Wednesday, July 18, 2018

Fragmentation and the Family - By Deana Chadwell

Time was when society was a fairly simple arrangement.  There were Noah and his wife and the three sons and their wives.  That mini-society obviously worked well, because in just a few hundred years, human beings found the time to build giant monuments.  Babel complicated things, but still, people split up and went their own ways and continued to populate the Earth.  But now there are close to 320 million of us in this country alone, the internet has us all sitting in each other's laps, and our ability to function intelligently and cohesively is getting lost in the shuffle.
And time was when most of us in this nation operated on similar religious and moral standards.  We believed in Truth.  We all wanted to survive, to thrive, to build a free nation.  Even with the awfulness of slavery and the question of how to handle the native tribes, the majority of us marched forward toward the shared goal of a free and noble nation.
We did that by starting with the family as the main organizing factor.  The family is one of the four divine institutions and has always been a mainstay in human society, so we knew how to do it: you have a father and a mother, and they produce children for whom they are responsible until those children marry and produce their own children and the original parents grow old and become the responsibility of the grown children.  It's a pretty slick system.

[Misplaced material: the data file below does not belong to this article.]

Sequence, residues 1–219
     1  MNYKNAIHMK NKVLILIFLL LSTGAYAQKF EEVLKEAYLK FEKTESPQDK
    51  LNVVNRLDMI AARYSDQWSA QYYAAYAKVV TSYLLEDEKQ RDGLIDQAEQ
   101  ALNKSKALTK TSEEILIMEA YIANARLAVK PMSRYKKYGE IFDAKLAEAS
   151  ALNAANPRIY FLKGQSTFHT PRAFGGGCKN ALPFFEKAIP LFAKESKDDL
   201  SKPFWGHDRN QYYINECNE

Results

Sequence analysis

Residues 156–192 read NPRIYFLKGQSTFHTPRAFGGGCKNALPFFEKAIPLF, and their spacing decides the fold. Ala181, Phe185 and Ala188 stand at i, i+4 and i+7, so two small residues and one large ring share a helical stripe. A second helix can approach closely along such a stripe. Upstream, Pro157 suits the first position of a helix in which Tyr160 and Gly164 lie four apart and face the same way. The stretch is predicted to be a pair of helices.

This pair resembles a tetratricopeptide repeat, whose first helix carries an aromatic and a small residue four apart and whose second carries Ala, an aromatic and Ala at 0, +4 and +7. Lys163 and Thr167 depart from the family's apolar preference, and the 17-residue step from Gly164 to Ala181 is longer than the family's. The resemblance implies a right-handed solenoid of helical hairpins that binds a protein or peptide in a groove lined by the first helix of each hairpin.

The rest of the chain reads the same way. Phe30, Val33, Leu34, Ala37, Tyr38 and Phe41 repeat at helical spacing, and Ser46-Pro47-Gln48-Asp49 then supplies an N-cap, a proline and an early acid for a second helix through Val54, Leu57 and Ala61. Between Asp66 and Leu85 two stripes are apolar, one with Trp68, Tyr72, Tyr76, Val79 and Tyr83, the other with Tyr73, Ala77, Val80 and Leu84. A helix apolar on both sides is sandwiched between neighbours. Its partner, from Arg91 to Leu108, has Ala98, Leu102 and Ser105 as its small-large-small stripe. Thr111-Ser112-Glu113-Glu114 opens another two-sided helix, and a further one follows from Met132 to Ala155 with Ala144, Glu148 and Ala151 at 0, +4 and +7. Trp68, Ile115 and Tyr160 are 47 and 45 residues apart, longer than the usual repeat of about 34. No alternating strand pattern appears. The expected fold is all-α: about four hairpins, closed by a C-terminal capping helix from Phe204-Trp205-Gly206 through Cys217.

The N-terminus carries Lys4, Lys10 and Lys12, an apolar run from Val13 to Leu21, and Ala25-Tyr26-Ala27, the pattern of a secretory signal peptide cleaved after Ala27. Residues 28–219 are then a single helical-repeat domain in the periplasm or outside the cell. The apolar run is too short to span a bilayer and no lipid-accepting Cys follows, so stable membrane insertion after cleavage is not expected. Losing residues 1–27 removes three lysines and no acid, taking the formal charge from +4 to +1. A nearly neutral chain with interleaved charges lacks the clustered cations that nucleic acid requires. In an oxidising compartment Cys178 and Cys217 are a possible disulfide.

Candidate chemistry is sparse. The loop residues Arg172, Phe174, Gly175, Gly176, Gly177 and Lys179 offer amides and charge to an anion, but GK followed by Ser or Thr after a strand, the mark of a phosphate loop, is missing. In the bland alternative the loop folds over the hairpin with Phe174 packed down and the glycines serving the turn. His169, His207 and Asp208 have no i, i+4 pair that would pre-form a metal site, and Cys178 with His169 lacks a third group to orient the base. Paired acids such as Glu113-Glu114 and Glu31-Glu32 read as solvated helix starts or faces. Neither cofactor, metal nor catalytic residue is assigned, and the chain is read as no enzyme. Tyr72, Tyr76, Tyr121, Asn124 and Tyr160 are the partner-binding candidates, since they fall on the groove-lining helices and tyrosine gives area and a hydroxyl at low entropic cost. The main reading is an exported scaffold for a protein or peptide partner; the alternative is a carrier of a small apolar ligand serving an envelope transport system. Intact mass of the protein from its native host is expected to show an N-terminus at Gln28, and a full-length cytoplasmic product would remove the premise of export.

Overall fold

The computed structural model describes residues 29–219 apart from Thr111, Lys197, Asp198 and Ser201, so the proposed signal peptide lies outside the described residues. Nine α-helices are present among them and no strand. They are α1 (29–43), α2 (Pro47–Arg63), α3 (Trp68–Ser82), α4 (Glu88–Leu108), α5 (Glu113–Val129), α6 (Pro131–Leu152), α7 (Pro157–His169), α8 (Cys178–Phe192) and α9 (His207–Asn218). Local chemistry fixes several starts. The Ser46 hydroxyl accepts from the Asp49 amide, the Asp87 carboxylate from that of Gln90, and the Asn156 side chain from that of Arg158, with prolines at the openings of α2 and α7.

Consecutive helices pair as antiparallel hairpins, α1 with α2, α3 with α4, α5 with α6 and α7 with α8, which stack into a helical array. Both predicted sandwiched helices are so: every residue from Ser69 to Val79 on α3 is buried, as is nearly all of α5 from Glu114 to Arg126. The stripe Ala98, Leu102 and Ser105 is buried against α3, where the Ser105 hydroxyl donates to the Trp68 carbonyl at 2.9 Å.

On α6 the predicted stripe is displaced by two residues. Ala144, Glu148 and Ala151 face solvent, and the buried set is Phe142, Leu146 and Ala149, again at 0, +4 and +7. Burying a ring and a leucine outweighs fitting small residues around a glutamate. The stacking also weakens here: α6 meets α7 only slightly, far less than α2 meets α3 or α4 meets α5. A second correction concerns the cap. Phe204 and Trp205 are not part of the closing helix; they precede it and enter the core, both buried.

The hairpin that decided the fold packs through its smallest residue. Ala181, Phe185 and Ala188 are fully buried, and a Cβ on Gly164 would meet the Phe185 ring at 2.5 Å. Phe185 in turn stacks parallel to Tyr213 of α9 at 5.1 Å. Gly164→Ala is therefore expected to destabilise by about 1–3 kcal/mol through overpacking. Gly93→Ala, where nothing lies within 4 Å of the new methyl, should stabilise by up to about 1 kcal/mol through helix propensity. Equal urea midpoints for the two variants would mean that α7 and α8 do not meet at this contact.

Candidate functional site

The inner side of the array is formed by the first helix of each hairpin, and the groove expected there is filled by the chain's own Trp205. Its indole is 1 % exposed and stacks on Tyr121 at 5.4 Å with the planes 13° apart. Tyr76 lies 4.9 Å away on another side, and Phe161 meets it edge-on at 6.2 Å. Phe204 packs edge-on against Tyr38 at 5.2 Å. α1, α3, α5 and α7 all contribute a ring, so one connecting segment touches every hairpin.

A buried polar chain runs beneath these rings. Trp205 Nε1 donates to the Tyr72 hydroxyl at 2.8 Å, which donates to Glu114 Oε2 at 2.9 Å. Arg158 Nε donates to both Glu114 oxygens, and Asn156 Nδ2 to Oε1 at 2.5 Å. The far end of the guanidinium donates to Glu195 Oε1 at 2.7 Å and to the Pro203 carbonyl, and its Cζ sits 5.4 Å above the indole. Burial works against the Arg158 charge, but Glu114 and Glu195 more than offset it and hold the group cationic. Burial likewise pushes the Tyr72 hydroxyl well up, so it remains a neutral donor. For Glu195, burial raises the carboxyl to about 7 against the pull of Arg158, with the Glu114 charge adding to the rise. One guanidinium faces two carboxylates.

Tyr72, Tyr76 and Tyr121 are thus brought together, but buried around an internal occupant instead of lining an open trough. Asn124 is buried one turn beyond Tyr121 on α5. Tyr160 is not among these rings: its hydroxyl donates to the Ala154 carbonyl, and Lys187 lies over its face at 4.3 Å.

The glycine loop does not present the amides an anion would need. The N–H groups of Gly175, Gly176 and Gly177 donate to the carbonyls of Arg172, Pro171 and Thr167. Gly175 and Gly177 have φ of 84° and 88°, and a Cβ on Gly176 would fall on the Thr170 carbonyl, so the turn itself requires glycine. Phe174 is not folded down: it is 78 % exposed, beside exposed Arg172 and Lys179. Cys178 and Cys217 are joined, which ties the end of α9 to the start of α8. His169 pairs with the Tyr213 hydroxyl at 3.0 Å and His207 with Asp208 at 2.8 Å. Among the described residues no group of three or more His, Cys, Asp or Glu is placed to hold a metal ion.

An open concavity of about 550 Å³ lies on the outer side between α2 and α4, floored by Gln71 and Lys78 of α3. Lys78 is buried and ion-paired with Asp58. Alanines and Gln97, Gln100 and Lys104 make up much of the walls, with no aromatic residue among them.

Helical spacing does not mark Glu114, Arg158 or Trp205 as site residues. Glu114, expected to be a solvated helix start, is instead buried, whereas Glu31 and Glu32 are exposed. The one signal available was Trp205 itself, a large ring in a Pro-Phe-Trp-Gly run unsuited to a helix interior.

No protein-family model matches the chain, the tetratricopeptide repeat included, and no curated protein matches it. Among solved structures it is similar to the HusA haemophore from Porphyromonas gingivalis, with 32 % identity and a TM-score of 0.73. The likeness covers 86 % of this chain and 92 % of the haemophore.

But that time is no more.  We've dismantled such a large percentage of our families through welfare, through redefining marriage, through relaxed mores about adultery, that the family is no longer the foundation of many of our communities.
Human beings seem programmed to work best in small groups; we self-divide into manageable clusters.  Either society is separated into families as per the divine institutions, or it's divided into groups of its own making: blacks vs. white, Jews vs. Gentiles, men vs. women, citizens vs. illegals, Muslims vs. everyone else, etc.  Creating ad hoc identities wreaks havoc on a society.  We can see this just looking around us.
Instead of a nation of cooperating adults working toward a common goal, we become a group of squabbling children fighting over the available toys.  When society divides into traditional families, children are raised to get along, to work together to accomplish common objectives, to find a way to fit in with other families.  When the groups are instead gathered by superficial commonalities that pit them against other groups, the result is a fragmenting of society – an us-against-them mentality that produces nothing but vitriol and complaint.  We are not Americans anymore, but conservatives or liberals, Christians or atheists, pro-Trumpers or anti-everything leftists.
Since groups organize merely by yelling the loudest or creating the most guilt, they multiply.  It won't be long before we'll have, in addition to gay pride parades, adulterers' pride parades, and then the shoplifters and the prostitutes will demand their due respect – oops, forgot Stormy Daniels, guess that's already happening.  Now even pedophiles are claiming what they think is their due.  There's nowhere to stop, no group too objectionable to support or too specialized to gain a hearing.
And since groups are self-forming and there are no guidelines for determining their shape and no list of qualifications for membership, a person can claim group affiliation regardless of reality.  Men can claim to be women; whites can claim to be American Indian or black (remember Rachel Dolezal, the white woman who claimed to be black?).